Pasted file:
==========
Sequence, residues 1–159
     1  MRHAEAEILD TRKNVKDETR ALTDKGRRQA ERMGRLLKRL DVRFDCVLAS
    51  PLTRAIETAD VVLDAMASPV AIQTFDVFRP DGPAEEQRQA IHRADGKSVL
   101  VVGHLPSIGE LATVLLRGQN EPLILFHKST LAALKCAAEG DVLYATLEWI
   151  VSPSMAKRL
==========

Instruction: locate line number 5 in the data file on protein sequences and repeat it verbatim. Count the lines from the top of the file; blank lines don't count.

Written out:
   151  VSPSMAKRL